I like food, a lot. I’m also quite fond of London. Therefore you would imagine that combining the two would prove a most satisfactory way to spend a day. You would be right!
Last weekend I was lucky enough to be invited on a London food tour with the good folk of Eating London (@EatingLondon). They were even kind enough to off a wee discount for my better half Esther and friend Richard who also wished to indulge … and indulge we did.
England gets a pretty bad rap for food. Once upon a time I might have thought such a reputation just, I mean just how many crappy late night fried chicken shops can one country house? We are a nation of fast and terrible food, ready meals, processed meats and sub par sandwiches. Yuk! I’ve been there, as a student I lived off noodles for a couple of years, it wasn’t pretty. My experience last weekend however, might just have changed my opinions of the foods both available and affordable in my homeland. Trust me when I say, last Saturday my friends and I were in no way complaining about the quality on offer as we ate our way through the east of London.
Our tour lasted 3.5 hours and by the end we were nothing less than food drunk. We waddled back to the tube station having eaten ourselves silly and put our jean zippers under immense pressure. That’s not interesting though is it? Amusing maybe, but not entirely interesting. Lets get to the good bit, the food. Tuck in (with your eyes) to this lot …
1. Bacon Sandwiches @ St. John Bread and Wine
A Saturday tradition before football with my dad, I have been bought up on the delights of bacon sandwiches. There might have been no game to watch last Saturday, but the Bacon Sandwich tradition was continued, and in some style!
‘London’s best bacon sandwich’ was devoured at St John’s Bread and Wine. St John’s is a ‘nose to tail’ establishment, meaning they use EVERY part of the animal and as a result have a very, erm, creative menu at times. Upon our visit Blood Cake was on the menu. Unsurprisingly we stuck to the bacon sandwich which included flame grilled meat covered in a very secret tomato sauce.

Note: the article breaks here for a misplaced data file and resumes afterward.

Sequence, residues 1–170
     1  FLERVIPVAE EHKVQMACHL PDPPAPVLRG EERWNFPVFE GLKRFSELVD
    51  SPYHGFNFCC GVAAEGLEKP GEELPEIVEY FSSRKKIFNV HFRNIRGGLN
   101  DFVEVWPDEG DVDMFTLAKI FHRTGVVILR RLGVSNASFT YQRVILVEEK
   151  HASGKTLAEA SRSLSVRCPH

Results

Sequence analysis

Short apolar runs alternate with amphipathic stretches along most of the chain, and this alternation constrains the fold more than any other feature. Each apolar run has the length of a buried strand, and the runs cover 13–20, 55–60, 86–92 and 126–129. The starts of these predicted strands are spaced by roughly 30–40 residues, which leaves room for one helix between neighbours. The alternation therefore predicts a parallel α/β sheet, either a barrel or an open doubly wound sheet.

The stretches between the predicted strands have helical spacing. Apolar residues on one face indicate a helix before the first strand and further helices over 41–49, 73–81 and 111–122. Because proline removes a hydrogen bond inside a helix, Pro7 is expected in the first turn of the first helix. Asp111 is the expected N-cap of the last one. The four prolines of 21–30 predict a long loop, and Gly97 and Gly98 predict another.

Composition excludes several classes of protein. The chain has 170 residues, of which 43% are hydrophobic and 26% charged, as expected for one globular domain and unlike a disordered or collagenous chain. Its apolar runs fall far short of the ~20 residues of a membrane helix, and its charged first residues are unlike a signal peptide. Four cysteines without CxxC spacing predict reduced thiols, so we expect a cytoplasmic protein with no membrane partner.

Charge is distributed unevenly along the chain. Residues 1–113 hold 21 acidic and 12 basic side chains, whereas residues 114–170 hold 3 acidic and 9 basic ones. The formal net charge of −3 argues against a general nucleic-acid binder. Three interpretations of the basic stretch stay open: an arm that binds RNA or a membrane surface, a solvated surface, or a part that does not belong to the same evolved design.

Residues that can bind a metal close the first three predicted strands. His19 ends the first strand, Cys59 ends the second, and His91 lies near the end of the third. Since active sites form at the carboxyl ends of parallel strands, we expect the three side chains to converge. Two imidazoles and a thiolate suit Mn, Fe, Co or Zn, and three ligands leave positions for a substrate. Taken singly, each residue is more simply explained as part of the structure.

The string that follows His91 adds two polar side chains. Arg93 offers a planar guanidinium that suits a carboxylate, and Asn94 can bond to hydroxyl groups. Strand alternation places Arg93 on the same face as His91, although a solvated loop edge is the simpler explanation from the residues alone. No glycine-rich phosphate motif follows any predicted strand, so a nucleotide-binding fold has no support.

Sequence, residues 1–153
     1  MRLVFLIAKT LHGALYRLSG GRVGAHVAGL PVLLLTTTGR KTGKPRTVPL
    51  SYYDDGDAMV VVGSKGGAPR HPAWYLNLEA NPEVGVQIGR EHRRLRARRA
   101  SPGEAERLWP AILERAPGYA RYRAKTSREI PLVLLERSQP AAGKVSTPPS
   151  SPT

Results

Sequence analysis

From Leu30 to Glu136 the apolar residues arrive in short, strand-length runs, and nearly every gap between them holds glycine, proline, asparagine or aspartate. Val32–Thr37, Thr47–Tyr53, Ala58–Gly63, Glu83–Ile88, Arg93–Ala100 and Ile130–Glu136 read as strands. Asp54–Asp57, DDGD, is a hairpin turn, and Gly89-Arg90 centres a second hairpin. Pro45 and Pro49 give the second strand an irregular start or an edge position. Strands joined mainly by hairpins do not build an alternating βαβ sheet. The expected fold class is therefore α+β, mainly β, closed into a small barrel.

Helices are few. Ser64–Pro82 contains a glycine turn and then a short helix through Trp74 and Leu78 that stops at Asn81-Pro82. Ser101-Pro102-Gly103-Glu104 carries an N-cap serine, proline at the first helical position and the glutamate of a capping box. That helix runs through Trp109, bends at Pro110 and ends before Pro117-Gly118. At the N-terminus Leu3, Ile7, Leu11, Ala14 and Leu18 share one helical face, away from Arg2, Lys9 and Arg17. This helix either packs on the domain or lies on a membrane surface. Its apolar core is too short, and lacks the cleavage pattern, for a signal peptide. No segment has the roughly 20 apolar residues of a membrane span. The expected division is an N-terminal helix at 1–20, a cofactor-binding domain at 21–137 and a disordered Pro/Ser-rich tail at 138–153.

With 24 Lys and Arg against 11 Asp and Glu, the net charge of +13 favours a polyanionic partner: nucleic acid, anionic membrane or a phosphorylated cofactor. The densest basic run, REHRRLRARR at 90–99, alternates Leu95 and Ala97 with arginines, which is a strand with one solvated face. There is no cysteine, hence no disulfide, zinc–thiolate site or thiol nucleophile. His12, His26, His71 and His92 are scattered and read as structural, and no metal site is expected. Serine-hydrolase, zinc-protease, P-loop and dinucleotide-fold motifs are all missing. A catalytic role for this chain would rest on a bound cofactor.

2. Banana Bread Pudding @ The English Restaurant
I should really have taken my dad on this tour as after bacon, bread pudding is his next favourite food. He would have been jealous no end of this serving, banana bread pudding drowned in custard and vanilla extract. Who cares if it was only 11am, desert had never tasted so good.
The English Restaurant was a pretty cool setting. A 16th century building (previously a nut factory), with a 17th century decor, some of which had been salvaged from the nearby Christ church Spitalfields.
3. CHEESE @ Androuet London
Why in capital letters? Because its CHEESE and CHEESE deserves nothing less. Its rare I go a day without eating at least a slice of this yellow/red/blue wonder.
Upon our visit to Androuet London, we were given a rather interesting talk about the cheese making process by one of the shops master cheese-mongers. He explained that all the CHEESES in store were a minimum 13 months old, and that although rapped in cling film to preserve them, any part of the CHEESE that had touched said cling film would be cut and thrown away, not sold because it’s taste would have been unnaturally altered by the cling film.
4. Chish and fips @ Poppies Fish and Chips
Another of my dad’s influences and quite often a post football match dinner (football days are never very healthy), since before I can remember he has always called it chish and fips, and now so do I. Sad but true.